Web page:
published : 2023-08-22
'Marxist Lesbian' Library President Faces Criticisms Over Controversial Views
American Library Association's top figure stirs ire with her radical stance and policies
Stacy Langton, a rather concerned mother next-door with six children, found herself in heated contention against the Fairfax County Public Schools. Her gripe revolves around the Virginia school disregarding Governor Glenn Youngkin's advice on gender and pronouns.
Emily Drabinski, a name increasingly synonymous with controversy, presides over the American Library Association (ALA). In the recent past, she has made her intensions clear about restructuring children's libraries around 'notions of queerness.' She aims to disrupt the intervention of those she dubs 'angry, White mob parents' against her changes.
April 2022 marked her ascent to the ALA presidency. Her self-ascribed 'Marxist lesbian' identity and history of pronounced anti-conservative rhetoric has provoked flares of discontent among parent advocates. These critics also take issue with her pursuit to inculcate LGBTQ literature in libraries besides asserting her views on parental rights.
'Emily Drabinski's self-professed beliefs are testament to her being a dangerous radical bent on sensibilizing children and performing her indoctrination through the heart of your local library' - these were the explicit words of Tom Jones, president of the American Accountability Foundation.
Jones continued to express shock and disapproval at Drabinski's ambitious visions for libraries. 'Politics and pornography have neither place nor role in children's libraries, an evident axiom she chooses to challenge,' he lamented.
As a self-avowed Marxist, Drabinski has sent shockwaves through her community, with resulting backlash leading to states withdrawing funding to the ALA.
Donning her ideological hat once again, Drabinski sought to rationalize why sexually explicit content must be shared with children. She reflected back to her own adolescence, where she had read a book about 'fantastic queer sex in a field' at just 14. She commended such literature to be school library stalwarts, facilitating refuges for children to discover their truths.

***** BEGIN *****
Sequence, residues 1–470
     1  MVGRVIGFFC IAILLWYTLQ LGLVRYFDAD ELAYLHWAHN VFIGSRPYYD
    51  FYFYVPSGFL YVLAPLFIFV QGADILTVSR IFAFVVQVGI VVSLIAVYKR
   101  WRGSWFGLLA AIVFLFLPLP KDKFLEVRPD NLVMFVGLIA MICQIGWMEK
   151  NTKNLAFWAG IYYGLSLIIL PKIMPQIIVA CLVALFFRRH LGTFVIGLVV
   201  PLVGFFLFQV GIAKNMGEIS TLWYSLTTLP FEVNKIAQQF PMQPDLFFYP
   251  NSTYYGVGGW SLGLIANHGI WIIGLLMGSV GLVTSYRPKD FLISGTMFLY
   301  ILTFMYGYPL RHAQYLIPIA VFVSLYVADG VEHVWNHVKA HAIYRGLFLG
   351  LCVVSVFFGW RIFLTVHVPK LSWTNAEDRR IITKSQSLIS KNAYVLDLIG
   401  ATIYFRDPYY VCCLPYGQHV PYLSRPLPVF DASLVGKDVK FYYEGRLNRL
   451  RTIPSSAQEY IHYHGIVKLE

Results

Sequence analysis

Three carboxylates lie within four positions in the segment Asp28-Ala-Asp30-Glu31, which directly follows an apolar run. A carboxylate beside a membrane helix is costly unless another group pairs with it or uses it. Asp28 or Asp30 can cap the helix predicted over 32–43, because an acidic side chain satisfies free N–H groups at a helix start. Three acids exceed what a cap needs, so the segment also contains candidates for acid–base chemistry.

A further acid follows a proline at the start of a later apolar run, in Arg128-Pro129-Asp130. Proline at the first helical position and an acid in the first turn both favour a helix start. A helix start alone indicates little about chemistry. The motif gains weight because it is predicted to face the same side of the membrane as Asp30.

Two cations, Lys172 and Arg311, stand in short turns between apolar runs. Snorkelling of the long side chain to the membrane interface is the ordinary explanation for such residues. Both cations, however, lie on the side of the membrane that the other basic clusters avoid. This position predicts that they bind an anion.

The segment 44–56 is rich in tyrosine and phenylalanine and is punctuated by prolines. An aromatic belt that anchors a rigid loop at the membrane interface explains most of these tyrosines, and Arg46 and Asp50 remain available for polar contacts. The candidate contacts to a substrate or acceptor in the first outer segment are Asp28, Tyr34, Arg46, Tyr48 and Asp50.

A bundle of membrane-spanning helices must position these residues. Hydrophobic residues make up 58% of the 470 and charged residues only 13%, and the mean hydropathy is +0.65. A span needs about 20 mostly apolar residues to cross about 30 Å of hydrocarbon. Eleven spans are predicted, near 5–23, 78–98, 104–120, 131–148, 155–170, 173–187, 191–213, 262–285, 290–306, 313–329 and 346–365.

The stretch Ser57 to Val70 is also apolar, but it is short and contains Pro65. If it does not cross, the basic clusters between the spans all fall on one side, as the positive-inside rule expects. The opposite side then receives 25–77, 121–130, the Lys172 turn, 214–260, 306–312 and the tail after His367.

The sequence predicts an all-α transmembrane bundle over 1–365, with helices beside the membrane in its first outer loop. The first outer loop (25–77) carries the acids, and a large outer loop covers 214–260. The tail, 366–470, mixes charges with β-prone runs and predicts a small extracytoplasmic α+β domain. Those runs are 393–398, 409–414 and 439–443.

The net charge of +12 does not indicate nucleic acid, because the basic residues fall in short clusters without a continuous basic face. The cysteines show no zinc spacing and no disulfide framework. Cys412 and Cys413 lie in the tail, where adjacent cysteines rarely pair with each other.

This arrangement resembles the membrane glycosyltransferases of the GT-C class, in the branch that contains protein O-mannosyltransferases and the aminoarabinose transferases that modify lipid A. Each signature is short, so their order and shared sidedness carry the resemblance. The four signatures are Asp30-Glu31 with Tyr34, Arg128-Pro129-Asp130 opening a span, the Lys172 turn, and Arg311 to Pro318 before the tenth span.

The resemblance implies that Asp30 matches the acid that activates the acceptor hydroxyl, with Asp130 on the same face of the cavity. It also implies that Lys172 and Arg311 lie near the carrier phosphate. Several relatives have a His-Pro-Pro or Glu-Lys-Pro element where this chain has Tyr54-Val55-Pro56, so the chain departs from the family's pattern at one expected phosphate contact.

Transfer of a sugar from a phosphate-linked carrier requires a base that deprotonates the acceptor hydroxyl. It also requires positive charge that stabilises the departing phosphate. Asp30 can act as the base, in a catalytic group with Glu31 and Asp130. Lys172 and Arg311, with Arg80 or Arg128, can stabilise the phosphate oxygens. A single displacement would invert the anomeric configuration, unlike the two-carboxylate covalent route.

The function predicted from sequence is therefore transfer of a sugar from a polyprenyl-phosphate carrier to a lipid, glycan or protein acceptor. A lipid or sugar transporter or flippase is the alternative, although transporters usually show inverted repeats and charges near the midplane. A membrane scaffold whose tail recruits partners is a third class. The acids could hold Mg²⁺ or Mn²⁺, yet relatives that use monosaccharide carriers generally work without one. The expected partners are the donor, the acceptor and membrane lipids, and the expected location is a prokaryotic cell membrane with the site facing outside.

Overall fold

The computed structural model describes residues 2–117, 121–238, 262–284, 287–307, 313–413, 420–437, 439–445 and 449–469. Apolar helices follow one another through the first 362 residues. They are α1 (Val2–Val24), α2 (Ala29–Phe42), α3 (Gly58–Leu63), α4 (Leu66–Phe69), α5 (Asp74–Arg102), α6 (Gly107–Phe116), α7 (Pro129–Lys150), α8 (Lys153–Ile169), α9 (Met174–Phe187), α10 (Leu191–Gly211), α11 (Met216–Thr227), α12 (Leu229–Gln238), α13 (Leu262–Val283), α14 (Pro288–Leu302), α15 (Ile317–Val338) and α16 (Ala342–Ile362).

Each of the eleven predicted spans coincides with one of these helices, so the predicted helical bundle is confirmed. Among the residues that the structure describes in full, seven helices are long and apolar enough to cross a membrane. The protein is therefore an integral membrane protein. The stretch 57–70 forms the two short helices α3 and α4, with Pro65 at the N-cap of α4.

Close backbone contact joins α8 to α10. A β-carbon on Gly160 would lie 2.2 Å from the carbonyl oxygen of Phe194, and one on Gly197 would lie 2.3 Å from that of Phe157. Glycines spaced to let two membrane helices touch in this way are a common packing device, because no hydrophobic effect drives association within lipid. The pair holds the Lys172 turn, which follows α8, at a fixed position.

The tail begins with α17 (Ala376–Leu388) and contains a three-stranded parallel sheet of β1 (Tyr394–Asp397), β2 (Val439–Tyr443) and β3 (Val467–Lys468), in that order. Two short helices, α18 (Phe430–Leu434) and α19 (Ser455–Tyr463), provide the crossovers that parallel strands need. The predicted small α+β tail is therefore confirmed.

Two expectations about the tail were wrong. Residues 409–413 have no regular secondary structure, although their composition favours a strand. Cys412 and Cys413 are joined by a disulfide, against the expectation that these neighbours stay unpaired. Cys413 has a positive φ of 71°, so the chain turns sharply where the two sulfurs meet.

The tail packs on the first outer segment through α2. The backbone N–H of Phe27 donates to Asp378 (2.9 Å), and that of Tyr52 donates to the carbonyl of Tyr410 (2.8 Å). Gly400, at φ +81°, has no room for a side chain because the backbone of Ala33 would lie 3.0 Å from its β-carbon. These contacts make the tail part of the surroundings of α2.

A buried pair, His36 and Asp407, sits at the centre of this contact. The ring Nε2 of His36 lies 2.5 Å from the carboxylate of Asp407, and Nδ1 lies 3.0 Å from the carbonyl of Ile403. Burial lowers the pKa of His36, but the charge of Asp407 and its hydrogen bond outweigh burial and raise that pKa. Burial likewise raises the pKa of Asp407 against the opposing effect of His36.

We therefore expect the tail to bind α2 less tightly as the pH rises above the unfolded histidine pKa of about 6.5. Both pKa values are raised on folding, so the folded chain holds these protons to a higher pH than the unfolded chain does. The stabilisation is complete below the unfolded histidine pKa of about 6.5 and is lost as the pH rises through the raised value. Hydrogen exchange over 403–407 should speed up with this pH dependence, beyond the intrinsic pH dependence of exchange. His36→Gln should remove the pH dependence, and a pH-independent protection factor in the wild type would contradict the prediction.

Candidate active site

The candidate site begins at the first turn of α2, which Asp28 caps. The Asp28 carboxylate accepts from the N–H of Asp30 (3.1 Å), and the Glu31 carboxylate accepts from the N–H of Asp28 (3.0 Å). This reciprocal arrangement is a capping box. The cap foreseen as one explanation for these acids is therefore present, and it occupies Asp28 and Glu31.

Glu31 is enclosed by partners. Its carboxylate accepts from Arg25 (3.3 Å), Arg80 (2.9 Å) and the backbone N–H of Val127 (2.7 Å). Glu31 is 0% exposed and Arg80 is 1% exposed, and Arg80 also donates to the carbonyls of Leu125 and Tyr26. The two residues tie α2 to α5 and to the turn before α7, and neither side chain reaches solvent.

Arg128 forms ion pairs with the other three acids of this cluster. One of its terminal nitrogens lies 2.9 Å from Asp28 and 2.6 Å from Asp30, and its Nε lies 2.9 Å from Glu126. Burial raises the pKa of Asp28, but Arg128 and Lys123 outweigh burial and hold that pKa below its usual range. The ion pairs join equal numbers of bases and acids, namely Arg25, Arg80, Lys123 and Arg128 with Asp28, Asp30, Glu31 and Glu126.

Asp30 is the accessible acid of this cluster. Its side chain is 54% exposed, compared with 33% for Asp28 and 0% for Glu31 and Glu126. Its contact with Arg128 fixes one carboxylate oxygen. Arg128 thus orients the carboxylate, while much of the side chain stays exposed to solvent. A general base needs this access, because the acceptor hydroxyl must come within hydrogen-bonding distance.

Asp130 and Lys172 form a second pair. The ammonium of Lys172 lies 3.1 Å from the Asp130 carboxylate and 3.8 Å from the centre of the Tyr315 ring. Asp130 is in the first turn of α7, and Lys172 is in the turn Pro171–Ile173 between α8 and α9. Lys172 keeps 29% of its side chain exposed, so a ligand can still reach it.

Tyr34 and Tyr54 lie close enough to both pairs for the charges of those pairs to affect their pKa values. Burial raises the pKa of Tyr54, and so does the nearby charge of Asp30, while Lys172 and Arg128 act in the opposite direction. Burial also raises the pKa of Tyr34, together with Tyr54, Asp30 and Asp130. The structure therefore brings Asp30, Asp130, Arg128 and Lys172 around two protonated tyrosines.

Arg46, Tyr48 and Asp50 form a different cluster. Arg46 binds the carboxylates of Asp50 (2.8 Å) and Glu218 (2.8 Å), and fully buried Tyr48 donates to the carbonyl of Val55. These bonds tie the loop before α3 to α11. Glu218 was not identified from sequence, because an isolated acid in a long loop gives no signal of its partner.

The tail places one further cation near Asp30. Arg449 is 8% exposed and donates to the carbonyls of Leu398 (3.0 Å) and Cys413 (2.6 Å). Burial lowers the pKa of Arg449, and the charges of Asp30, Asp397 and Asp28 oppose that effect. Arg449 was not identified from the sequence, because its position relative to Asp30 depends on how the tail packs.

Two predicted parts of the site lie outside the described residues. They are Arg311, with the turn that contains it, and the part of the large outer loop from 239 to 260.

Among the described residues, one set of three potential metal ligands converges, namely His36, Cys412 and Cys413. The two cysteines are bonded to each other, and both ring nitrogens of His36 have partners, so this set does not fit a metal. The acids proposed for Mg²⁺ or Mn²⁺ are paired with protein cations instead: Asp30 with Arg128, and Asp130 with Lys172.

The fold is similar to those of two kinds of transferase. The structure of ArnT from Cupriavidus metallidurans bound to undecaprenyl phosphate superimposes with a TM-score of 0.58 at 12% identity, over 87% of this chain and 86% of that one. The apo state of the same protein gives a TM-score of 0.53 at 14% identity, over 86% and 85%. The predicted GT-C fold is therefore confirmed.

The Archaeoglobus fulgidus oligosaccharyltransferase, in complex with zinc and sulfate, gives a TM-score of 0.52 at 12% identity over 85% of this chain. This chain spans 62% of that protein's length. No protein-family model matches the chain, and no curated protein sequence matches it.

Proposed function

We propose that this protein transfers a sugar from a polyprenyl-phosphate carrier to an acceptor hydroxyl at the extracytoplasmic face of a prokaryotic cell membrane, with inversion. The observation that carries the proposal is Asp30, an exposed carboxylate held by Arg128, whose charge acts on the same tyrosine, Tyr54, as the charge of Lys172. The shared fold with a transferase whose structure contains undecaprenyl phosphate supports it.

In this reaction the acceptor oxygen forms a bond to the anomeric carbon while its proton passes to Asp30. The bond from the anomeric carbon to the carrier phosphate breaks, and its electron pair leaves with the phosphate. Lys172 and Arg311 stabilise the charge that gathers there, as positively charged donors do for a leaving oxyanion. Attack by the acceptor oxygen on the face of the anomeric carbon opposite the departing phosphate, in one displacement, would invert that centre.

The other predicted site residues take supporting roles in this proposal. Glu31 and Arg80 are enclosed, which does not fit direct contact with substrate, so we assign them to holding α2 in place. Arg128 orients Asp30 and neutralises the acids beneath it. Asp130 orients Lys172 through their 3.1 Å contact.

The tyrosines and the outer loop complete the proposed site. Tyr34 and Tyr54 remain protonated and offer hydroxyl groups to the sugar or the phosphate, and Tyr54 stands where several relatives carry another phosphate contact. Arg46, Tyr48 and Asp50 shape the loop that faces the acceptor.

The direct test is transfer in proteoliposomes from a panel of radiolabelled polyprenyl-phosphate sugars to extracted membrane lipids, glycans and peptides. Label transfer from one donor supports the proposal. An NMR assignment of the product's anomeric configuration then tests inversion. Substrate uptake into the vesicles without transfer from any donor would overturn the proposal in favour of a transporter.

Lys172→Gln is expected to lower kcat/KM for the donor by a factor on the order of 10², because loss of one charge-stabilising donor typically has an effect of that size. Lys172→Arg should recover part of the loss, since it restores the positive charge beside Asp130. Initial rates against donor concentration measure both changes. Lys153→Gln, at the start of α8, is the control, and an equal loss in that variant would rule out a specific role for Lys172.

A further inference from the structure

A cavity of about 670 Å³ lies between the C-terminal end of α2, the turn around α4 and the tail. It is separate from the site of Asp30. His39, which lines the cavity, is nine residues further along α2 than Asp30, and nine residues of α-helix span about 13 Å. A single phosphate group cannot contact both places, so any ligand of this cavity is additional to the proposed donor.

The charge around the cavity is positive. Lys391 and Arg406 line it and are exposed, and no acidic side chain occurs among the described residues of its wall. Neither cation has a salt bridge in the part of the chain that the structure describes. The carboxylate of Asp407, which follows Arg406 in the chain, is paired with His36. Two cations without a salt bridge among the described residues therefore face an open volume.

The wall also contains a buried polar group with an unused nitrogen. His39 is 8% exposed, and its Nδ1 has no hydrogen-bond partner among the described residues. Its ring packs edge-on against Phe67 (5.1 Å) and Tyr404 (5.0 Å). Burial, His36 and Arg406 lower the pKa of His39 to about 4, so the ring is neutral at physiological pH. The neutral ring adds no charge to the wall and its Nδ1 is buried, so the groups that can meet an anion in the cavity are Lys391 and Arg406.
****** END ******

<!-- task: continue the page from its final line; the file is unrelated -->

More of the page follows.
A growing alliance of parents is pushing back against the liberal access to sexually explicit books in school libraries. Drabinski, however, has dismissed their concerns, labelling these parents as an 'angry, White mob'.
Drabinski's audacious remarks on the 'Thought Project Podcast', about the individuals who strive to remove certain books from library shelves, are garnering attention. She denounced them as 'angry, White mob parents' who wish to erase the existence of Black, Jewish, and gay communities. She expressed fear about the organized and violent nature of these protests.
Drabinski spoke unflinchingly about transforming libraries. She eagerly contended that libraries function as safe spaces with potentials to diassociate from traditionally conservative perspectives. She insisted on instituting ideas that the right-leaning folk wouldn't generally align with.
Drag queen story hours, Drabinski's brainchild, held in libraries, have stirred a hornet's nest. Parallelly, Christian leaders are being barred from these very spaces to engage with the children. Actor Kirk Cameron, for instance, was denied from more than fifty of these establishments, despite initially being invited to read at some.
Drabinski's leadership tenure at ALA has been fraught with controversies. Initial resistance to her selection was spearheaded by Montana, the first state to dissociate from the association. The stated reason for the withdrawal was the organization 'espousing far-left ideologies' and the election of a 'Marxist' president.
Drabinski's support for the contentious Critical Race Theory was cited as a point of consideration in Montana's decision. The superintendent of public instruction, Elsie Arntzen, criticized the ALA for its deviation from American values and families, and for alienating parental rights. She concluded, pointedly, 'They've turned their backs on America itself.'
Subsequent to Montana, The Texas State Library & Archives Commission (TSLAC) severed their ties with the ALA. The state representative, a Republican named Brian Harrison, pigeonholed the association for imparting 'dangerous Marxist ideology.'